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Lo Bianco, Moira
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Sweeney Todd: Johanna (1)
According to most critics and theater historians, Stephen Sondheim (born 1930) stands among Broadway show composers and lyricists not only as the greatest of his generation but also as the only great one of his generation. Observers may debate why Broadway failed to produce consistently great writers to follow the Rodgers and Hammersteins and Lerner and Loewes of the 1940s and 1950s, but the fact remains that Sondheim clearly ranks with such masters, and even with Jerome Kern, Irving Berlin, and other masters of the century's first half.
Sondheim became a protege of Hammerstein's after befriending the lyricist's son in school, but he got his first big break when he was hired to adapt Shakespeare's Romeo and Juliet for Leonard Bernstein's West Side Story (1957). That show turned out to be one of the biggest hits and most memorable works of its time, and it brought many proposals for text-writing Sondheim's way --though he had always wanted to write music as well. Nevertheless, he worked with Jule Styne on Gypsy (1959), another enormous hit, and would later agree to collaborate with Richard Rodgers on the unsuccessful Do I Hear a Waltz? (1965).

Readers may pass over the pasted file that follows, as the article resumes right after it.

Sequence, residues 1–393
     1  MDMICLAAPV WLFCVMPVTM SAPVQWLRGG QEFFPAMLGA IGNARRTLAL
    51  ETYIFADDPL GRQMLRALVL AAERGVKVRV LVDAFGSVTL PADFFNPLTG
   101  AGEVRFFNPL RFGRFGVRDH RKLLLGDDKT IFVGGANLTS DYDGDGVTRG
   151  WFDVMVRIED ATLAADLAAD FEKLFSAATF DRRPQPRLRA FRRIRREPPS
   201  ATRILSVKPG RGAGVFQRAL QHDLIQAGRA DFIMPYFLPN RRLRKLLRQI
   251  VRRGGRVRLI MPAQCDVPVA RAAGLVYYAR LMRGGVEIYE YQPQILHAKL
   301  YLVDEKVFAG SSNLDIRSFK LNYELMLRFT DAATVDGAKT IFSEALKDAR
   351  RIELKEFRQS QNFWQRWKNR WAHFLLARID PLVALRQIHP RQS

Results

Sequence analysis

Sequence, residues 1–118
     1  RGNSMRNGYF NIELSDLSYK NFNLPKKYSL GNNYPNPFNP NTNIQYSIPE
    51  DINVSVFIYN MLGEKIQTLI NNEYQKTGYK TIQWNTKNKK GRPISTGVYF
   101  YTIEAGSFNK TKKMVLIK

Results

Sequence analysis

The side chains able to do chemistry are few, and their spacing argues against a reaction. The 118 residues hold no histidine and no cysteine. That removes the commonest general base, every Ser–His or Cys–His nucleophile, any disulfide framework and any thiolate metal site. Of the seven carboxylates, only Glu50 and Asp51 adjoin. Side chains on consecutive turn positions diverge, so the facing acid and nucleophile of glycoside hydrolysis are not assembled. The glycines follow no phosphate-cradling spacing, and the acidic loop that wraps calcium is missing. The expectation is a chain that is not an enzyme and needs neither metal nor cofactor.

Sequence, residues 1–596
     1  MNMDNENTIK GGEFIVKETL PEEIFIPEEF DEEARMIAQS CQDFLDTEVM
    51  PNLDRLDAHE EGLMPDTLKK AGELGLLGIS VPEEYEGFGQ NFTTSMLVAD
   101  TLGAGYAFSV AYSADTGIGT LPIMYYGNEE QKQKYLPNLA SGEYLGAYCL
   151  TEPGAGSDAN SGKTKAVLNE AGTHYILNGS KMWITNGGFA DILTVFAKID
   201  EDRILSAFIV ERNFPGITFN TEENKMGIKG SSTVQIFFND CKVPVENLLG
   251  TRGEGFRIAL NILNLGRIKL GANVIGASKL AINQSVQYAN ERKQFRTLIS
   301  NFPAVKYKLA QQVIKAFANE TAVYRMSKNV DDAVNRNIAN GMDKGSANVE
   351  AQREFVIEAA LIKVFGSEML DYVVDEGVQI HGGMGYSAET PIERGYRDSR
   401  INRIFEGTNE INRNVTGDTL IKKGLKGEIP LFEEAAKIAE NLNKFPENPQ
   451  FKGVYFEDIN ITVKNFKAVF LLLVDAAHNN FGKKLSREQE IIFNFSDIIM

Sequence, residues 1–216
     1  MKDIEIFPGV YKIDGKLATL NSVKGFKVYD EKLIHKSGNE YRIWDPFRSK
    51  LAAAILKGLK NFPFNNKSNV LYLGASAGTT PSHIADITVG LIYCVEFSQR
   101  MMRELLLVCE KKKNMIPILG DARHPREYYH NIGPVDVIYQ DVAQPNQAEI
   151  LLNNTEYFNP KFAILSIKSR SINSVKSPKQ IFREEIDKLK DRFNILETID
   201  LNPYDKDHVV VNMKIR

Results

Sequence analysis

Before that, however, Sondheim scored his first success as both composer and lyricist with A Funny Thing Happened on the Way to the Forum (1962). It was his last hit until Company (1970), a show about contemporary life and mores that did much to revolutionize the Broadway musical and, as many of Hammerstein's 50 shows had, move it more toward serious and exotic subjects. Since that time, Sondheim's shows have been amazingly daring in terms of subject matter, with unusual musical ideas and stunningly original lyrics. But they have not always been big hits, and have marked a time in theater when Broadway show music became a marginalized art form in terms of popular culture.
Nevertheless, Sondheim's shows of the 1970s and 1980s are benchmarks of the genre: Follies (1971) brought together aging Follies girls for a look at American middle age; A Little Night Music (1973) is based on Ingmar Bergman's film Smiles of a Summer Night and contains Sondheim's sole hit song, "Send in the Clowns"; Pacific Overtures (1976) ambitiously took on the subject of Japanese-American relations; Sweeney Todd (1979) was an operetta based on the British grand guignol tale of a murderous barber; Sunday in the Park with George (1984) was a biography of impressionist painter Georges Seurat; and Into the Woods (1987) wove together children's fairy tales with the theories of psychologist Bruno Bettelheim. At this writing, Sondheim's latest show is Assassins (1991), a short piece about presidential killers. In recent years, he has turned more to films, writing songs for Madonna in Dick Tracy in 1990 and reportedly working on an original movie musical.
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